It’s not just men: data about currently employed RNs and nursing students show that Hispanic and Latino Americans are also not finding their way into nursing by anywhere the numbers you’d expect. So if you know any talented male or Hispanic nursing students who could be greatly helped by a scholarship, why not encourage them to check out ours?

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Good morning,
My son, Travis, has been an EMT for seven years. Five years driving an ambulance and two years as a EMT in the ER. He really is a people person that has lots of empathy for others. He has about fifteen college credits but needs assistance to get into an RN program. Please help.
Sincerely ,

I would love to expand on my nursing career. I am dedicated to helping others and as a CNA I can only do so much. If you can tell me how to apply for this scholarship to become an RN that would he greatly appreciated. Thank you

How do you apply for scholarship?

I have been a registered nurse for over 32 years (since 1985) and can think of no other profession that I would rather be in!! There has never been a doubt during these past 32 years whether or not I had made the correct career choice as I KNEW beyond a shadow of a doubt that this was my chosen path.
My current dilemma is that I would LOVE, LOVE, LOVE to return to school to receive my Masters in FNP/become a FNP so that I can help MORE people and assist in their care in a more direct involvement. The problem is that I had just completed a Masters in Healthcare Informatics and am in debt $35k in student loans already that I will have to begin paying back in October 2017. I have a child who we have to send to a special school, so his tuition is costly as well. Therefore, when you factor in all these variables, it is clear that I cannot put my family into any more financial debt. I would LOVE to be eligible for one of these scholarships so that I can give back further to the profession that I chose and continue to love 32 years later and counting.

how can i apply for scholarship for nurse

My son is a EMT and trying to get into nursing school. He is very compassionate and loves children. He is going to be an amazing nurse and I can’t wait to see him succeed.

I’ve wanted to be a nurse since at least sixth grade. My mom had twins so we are struggling with two tuitions. Anything would help me to just get into the program.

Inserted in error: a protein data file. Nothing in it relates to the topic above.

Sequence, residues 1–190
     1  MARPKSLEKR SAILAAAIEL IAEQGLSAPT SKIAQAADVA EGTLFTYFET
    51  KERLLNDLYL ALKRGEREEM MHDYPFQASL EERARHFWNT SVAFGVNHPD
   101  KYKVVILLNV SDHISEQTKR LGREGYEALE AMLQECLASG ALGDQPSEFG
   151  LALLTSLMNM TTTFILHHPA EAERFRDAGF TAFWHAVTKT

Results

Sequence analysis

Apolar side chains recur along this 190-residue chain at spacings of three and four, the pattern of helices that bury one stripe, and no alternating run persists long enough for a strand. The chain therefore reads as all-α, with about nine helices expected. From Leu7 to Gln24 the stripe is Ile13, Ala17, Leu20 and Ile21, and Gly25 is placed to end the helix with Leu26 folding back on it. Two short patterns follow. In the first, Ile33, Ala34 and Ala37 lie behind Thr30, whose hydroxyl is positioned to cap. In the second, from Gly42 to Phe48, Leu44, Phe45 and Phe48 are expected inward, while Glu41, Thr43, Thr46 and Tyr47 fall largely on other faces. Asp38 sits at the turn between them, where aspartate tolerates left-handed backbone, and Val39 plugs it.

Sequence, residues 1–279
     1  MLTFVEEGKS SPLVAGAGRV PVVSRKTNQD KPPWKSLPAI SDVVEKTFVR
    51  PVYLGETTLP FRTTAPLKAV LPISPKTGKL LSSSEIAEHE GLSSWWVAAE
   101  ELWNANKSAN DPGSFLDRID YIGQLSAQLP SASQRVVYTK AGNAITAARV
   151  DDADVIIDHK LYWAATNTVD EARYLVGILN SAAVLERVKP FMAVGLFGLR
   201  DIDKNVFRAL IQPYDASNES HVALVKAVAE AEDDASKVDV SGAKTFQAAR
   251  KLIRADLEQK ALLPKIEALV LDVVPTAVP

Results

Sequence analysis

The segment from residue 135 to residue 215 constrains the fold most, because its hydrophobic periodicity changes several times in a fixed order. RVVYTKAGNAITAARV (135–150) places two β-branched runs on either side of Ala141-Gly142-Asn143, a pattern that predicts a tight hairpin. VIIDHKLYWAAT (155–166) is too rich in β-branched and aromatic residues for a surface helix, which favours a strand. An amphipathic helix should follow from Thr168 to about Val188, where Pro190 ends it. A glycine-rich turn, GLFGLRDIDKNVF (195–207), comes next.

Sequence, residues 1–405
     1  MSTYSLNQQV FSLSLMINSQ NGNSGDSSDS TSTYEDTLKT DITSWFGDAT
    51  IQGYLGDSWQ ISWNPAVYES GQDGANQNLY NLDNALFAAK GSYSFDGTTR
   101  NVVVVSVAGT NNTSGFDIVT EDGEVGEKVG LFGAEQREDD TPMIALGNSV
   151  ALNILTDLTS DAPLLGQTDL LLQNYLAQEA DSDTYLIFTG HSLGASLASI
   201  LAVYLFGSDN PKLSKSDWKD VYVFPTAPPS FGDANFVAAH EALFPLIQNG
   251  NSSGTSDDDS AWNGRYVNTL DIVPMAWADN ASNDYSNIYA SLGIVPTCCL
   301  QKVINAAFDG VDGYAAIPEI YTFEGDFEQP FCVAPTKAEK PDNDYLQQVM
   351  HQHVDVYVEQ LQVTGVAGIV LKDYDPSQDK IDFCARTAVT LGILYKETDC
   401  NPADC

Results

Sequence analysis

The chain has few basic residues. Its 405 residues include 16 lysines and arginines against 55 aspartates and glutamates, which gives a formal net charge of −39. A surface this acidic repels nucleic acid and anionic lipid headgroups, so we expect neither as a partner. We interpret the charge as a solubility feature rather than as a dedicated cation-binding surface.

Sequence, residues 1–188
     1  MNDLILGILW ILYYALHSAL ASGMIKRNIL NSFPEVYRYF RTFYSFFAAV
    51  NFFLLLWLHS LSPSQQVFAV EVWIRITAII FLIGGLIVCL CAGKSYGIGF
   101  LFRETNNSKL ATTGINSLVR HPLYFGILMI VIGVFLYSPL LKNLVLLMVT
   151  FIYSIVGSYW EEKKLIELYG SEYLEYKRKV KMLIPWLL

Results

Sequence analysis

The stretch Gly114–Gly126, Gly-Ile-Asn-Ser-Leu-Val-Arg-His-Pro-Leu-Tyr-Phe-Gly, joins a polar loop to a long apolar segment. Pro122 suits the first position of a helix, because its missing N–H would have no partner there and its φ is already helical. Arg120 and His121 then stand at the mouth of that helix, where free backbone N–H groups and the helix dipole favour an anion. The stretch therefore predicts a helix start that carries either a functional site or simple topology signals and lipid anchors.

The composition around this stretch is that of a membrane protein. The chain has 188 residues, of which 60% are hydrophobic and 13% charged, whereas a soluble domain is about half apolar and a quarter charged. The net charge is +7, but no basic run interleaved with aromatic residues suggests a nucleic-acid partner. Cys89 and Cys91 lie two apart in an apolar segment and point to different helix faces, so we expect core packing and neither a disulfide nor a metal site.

To the people who are asking how to apply, and all the other commenters: there’s a link to the scholarship page in the first sentence of this blog post. Worth clicking it to see if you can apply!

Here’s the link again:

I have been an LPN for about 13 years but I have been in the medical field for over 20 years. I love working with patients and I think I’m pretty good at it. Nursing is selfless; it takes compassion, love, and joy in your heart. I love what I do, making an impact on others’ lives. Nurses Rock

This opportunity is the best thing that could happen to my career. I hope to hear from you guys.

Camille Liggins
[phone number redacted –]

Why Are You addressing men as the “Lonesome Dove” in your conclusion?
Nursing, in USA has much more history than can research. As I proudly stand a loving Feminist, the Evolution of the Nurse came from the suffrage of Women, Daughters, Baby Girls? Who served and provided in War, gave birth alone, taught others, lost lives, lost children, were beaten, raped, shunned, shared wisdom, saved , mended their own wounds and their loved one’s and those who were killed, died and were dying .
So, I have been a CCU and ICU RN for 21 years plus. And I know why Women are Nurses and why I majority population of male doctors are shocked when I tell them to stop talking me in that manner. We are Nurturers… Healers…. We ARE Doctors, Nurses, Nurse Practitioners, Pharmacists, walking around Pregnant.
Most importantly, We are smiling, caring and showing our patients and their families integrity.